relapse prevention therapy in Princeton, NJ

Relapse Prevention Therapy Programs in Princeton, NJ: Staying on the Sober Track

When you look at the statistics, the numbers look grim. Studies show that more than 40-60% of people who attend treatment for substance use disorder relapse. However, relapse doesn’t have to happen for everyone, and with the right relapse prevention program, anyone can maintain their sobriety.

Addiction is considered a chronic and progressive disease. Just like how addiction doesn’t develop overnight, relapse typically doesn’t happen overnight either. Working toward a life of sobriety takes time, and in early recovery, having a firm relapse prevention plan in place can help you stay sober each and every day.

Relapse prevention therapy programs are an effective way to master the tools and coping skills you learned in rehab, identify potential triggers for relapse, and employ your techniques to cope. 

Defining Relapse

When most people enter recovery, their primary goal is to remain abstinent from drugs and alcohol. As a result, a relapse is defined as a return to using drugs or alcohol after a period of sobriety.

Some relapses are more severe than others. In some situations, people “slip up” and use drugs or alcohol one time before taking the necessary steps to get back on track. In other situations, people continue using substances for days, weeks, months, or even years.

No matter how long a relapse lasts or how severe it is, there are ways to get back on the road to recovery and prevent another relapse from occurring in the future.

How a Relapse Prevention Therapy Program Can Help

Relapse prevention programs in New Jersey aim to reduce the risk of relapse by facilitating therapy that educates individuals about relapse and how to prevent it. Relapse prevention is an essential aspect of addiction recovery and is a key component of every treatment plan.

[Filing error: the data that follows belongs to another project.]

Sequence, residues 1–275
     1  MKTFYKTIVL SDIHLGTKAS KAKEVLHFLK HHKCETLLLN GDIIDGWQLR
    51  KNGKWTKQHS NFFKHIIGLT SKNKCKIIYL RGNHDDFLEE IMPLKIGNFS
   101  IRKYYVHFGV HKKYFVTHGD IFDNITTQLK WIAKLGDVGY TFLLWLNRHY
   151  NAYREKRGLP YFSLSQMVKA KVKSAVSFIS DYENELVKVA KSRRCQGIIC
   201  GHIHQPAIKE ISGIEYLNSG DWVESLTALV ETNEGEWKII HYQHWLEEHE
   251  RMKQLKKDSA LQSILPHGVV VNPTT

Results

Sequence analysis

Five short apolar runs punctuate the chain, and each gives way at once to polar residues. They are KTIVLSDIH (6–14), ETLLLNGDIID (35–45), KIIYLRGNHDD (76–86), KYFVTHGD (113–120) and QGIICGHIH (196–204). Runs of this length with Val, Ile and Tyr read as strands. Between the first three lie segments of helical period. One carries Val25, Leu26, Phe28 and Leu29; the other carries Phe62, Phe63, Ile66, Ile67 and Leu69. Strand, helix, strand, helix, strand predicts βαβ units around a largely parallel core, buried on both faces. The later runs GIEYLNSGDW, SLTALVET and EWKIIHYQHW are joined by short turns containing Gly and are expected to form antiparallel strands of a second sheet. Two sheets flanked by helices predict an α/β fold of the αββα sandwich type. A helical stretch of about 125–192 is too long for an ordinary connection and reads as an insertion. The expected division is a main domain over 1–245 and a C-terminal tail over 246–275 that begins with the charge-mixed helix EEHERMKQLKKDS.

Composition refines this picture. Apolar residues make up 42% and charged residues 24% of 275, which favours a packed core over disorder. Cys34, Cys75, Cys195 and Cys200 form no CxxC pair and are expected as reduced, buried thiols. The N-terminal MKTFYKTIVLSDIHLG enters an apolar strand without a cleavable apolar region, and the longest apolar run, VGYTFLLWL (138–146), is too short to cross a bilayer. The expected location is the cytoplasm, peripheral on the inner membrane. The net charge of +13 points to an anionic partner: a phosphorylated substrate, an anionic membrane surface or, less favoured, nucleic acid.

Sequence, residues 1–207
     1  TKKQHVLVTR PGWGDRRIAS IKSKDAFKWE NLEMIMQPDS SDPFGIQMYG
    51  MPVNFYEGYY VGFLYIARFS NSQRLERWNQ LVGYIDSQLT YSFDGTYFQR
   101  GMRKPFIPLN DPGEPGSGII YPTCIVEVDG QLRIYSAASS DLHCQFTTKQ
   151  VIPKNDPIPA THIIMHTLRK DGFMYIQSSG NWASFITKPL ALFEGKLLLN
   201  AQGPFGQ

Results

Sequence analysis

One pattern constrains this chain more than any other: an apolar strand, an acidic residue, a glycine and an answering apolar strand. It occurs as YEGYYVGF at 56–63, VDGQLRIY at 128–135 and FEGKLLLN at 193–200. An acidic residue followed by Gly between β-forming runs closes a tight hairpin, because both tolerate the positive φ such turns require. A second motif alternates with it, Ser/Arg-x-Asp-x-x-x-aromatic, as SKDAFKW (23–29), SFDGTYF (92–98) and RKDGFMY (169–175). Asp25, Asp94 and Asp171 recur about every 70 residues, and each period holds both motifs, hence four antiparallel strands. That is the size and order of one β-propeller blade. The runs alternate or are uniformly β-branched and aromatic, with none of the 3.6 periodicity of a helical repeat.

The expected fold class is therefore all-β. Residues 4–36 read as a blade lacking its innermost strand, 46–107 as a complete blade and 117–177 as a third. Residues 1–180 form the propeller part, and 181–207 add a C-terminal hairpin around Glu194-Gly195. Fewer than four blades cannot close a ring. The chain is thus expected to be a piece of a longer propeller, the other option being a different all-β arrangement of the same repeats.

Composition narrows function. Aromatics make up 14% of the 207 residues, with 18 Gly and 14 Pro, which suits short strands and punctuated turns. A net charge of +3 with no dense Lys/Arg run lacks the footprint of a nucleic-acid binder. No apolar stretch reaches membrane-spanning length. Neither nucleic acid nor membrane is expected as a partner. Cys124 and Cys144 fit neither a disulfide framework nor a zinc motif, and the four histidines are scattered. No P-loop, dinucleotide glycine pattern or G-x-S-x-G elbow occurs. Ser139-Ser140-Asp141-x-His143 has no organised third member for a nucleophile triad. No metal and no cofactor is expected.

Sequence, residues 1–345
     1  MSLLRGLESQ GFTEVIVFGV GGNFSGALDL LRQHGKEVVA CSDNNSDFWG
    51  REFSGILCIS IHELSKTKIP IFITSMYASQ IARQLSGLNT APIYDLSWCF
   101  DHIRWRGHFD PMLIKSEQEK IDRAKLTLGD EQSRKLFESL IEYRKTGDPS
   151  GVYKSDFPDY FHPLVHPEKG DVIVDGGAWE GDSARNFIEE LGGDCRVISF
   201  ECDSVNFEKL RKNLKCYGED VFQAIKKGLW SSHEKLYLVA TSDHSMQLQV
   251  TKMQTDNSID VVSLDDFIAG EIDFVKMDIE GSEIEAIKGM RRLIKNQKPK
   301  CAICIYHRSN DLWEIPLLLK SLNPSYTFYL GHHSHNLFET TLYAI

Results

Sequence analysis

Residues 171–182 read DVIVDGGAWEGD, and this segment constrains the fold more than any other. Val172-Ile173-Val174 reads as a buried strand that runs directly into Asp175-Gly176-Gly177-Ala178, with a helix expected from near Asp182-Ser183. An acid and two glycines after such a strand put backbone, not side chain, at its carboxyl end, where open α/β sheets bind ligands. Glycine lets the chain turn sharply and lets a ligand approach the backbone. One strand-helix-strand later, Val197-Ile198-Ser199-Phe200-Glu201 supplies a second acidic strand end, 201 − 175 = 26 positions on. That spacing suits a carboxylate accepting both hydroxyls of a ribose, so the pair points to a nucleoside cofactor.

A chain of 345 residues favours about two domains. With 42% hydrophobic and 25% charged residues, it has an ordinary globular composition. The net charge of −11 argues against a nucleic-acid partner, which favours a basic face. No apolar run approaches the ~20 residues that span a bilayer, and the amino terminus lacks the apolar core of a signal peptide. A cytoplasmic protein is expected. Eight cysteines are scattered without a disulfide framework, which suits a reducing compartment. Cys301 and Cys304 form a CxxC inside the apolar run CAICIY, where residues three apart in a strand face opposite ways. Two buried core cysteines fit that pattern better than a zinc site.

Learn From Past Relapses

If you’ve relapsed before, a therapy program will help you evaluate your relapse. You’ll identify what caused it, what emotions and behaviors led up to it, and what you could have done differently. By learning from past relapses, you can be more prepared, and prevent another one from occurring.

Relapse prevention therapy sessions are often held in group formats. Group sessions allow you to get valuable feedback and insight from your peers. Additionally, if you haven’t relapsed, group therapy is a great opportunity to learn from the experiences of others.

Identify Triggers and Evaluate High-Risk Situations

Another component of relapse prevention is learning how to identify potential triggers and high-risk situations that may put your sobriety in jeopardy. Common triggers include:

  • Stress
  • Boredom
  • Anxiety
  • Anger
  • Loneliness
  • Relationship problems
  • Financial insecurity
  • Certain people or places
  • Family problems
  • Work issues

Spot the Warning Signs

Relapse typically happens in stages. First, people experience an emotional relapse, which involves experiencing emotional triggers that they aren’t able to cope with. Without intervention, an emotional relapse can turn into a mental relapse. This is the point where people begin thinking about or romanticizing the idea of drug or alcohol abuse. Finally, left untreated, a mental relapse can result in a physical relapse, which is when someone uses drugs or alcohol again.